The Vault Regulars

Saturday, October 10, 2015

Hog Low Pike 383 metres and Calf Hey reservoir.

With a clear Saturday, something that is quite unusual for us, we headed off to Haslingden with the purpose of getting to Hog Low Pike Trig point. Where ever the route took us after that was just a finger in the air and go.

We parked up just north of the reservoirs (SD754228) on a Pay and Display carpark that wasn’t working and so parked for free. Bonus.
Plenty of chatty people about but mainly out to walk the dog. It was a calm clear day with just a slight nip in the air.

Just before we crossed the dam between Calf Hey and Ogden reservoirs, a sign read NO OPEN FIRES. So some very bright people decided that it would be ok to set their barbecues alight on top of a plastic picnic table. What is between the ears of some folk beggars belief. Calf Hey reservoir is the top one of three reservoirs in the Grane Valley which were built in 1860.

Just before we crossed the dam an old 20” sluice gate is passed.
Good views all round we headed up the grassy and muddy slope towards The Rossendale Way path, here we turned west and on a raising path. Quite a glutinous ascent into a mixed wooded gorge where numerous narrow sheep tracks caused much head scratching as to which was the correct route. The ferns were quite high and never having been here before meant plenty of stopping and checking the map.
 20 inch diameter sluice gate.
 Calf Hey Reservoir
Calf Hey and Ogden reservoir in the background.
Fortunately the ferns and grasses were dry and so no need for waterproof over trousers. The clough is quite a hidden gem and worth a visit to explore more another time. Reaching above the tree line we got our first view of the trig point on Hog Low Pike.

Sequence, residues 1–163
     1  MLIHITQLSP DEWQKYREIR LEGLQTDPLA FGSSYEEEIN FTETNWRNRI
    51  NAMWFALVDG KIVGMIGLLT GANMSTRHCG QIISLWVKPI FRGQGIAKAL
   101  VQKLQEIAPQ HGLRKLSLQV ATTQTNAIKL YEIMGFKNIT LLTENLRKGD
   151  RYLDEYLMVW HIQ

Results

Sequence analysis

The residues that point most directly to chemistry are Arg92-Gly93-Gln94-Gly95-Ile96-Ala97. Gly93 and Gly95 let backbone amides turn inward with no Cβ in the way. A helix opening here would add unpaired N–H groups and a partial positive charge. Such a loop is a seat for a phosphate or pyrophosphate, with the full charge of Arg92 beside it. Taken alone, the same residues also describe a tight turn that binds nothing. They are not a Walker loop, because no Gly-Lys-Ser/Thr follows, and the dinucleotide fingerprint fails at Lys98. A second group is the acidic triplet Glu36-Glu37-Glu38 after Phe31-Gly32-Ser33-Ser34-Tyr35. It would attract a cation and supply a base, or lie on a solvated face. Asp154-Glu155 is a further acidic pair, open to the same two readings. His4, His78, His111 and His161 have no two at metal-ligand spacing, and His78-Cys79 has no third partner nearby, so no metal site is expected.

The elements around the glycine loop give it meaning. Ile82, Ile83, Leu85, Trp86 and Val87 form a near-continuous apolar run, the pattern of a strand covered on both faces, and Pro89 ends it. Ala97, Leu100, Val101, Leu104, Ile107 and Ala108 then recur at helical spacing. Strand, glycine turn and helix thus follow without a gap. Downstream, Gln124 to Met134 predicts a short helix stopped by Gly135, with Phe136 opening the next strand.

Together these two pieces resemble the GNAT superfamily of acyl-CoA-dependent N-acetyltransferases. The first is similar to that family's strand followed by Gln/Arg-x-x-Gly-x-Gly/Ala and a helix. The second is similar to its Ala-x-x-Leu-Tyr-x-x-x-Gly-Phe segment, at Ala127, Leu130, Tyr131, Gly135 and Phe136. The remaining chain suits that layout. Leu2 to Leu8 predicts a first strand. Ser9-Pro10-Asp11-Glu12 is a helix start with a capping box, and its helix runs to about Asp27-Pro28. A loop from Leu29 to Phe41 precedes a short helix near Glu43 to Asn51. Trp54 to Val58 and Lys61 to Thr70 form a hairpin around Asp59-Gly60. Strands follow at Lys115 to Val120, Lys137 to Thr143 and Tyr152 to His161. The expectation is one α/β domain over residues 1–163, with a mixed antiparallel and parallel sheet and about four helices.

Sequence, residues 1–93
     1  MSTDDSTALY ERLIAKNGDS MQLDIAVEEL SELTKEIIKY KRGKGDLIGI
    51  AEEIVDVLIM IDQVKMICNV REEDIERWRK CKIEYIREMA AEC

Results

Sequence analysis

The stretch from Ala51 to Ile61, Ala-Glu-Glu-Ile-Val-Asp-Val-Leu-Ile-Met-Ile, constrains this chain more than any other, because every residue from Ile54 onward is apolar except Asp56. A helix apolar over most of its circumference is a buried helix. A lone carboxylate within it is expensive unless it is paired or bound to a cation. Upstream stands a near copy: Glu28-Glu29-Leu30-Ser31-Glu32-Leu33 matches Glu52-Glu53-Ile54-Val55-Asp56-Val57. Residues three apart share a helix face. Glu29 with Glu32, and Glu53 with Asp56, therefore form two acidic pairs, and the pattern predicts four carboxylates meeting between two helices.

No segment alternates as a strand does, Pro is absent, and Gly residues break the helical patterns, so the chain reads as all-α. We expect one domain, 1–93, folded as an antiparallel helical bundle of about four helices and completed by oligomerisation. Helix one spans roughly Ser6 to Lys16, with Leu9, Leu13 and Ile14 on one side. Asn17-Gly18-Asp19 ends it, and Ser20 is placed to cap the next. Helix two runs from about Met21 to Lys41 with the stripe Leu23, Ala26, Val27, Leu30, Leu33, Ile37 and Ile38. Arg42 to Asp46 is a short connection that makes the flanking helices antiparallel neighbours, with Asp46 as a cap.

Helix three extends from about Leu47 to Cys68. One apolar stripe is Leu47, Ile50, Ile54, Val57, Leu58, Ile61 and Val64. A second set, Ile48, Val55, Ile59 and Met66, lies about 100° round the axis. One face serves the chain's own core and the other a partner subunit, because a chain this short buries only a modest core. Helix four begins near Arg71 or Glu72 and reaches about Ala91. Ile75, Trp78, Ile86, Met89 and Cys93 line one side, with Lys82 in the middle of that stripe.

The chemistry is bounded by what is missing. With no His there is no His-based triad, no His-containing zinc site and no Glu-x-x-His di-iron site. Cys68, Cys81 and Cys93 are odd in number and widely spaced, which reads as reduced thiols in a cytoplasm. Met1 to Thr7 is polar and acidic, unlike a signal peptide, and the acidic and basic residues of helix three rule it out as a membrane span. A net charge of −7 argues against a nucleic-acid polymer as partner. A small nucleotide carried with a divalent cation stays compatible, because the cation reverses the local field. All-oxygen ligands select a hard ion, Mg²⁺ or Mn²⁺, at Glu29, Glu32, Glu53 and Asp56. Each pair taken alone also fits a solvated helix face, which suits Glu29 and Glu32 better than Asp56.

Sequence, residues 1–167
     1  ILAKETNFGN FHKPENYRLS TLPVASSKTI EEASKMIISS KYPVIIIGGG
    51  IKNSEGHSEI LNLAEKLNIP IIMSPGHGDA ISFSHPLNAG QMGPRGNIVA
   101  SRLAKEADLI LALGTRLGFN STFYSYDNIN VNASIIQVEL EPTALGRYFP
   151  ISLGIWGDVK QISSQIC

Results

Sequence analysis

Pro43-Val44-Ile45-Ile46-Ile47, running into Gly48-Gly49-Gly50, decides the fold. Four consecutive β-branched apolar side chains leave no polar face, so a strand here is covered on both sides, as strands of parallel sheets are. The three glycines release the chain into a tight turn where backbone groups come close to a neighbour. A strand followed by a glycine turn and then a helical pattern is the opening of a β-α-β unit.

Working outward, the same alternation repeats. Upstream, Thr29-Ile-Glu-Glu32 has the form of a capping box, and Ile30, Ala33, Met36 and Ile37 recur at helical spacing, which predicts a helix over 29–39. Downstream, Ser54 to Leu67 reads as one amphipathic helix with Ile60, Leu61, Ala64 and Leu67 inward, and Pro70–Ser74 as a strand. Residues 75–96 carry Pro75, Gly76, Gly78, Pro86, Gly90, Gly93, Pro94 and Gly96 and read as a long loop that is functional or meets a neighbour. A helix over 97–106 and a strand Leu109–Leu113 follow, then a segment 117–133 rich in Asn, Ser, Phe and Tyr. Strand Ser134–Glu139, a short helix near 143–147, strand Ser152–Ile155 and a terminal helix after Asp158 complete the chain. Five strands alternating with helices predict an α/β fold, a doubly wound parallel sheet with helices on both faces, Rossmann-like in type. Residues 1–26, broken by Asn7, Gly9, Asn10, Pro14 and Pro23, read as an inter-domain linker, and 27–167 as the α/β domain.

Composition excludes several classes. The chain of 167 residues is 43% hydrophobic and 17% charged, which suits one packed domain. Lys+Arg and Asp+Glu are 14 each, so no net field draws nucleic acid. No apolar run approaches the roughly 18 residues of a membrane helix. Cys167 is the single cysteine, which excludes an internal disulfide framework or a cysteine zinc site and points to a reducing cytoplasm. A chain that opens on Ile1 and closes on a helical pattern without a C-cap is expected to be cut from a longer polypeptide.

A good stone path leads almost to the top where the views are excellent.

 Hog Low Pike 

 Trig Point number S4555.
 View West with Winter Hill on skyline just left of centre and far right is Jubilee Tower at Darwin Hill.
 Coming off the top we planned to follow the county boundary to where it meets the corner of Broadhead Rd. Sheila mentioned how boggy is was and that it must be cows. I though it was nothing, just like Scotland really and never gave it another thought until we were face to face with a herd of the horned critters and worse still they were all watching us. The brown one in the photo below was particularly interested in us and so we gave it a wide berth. I didn’t see any calves and so thought we would be fine passing them. It wouldn’t have made much difference if it wasn’t fine as there was no walls to get over just open boggy moorland.

 Unusual Snow Fungus. We found 2 fairly large patches of it.
 Obviously the cows use this route, a lot i guess.
 We had lunch just before reaching Broadhead Rd. The wall being a perfect height to sit and take in the surrounding. Across the way, maybe a few hundred yards we could see this large standing stone. It wasn’t far off our route and so went to see what it was about. It was just a disused quarry. It was also noticeable along this small road that people in cars use the verges as rubbish dumps instead of going to the tip.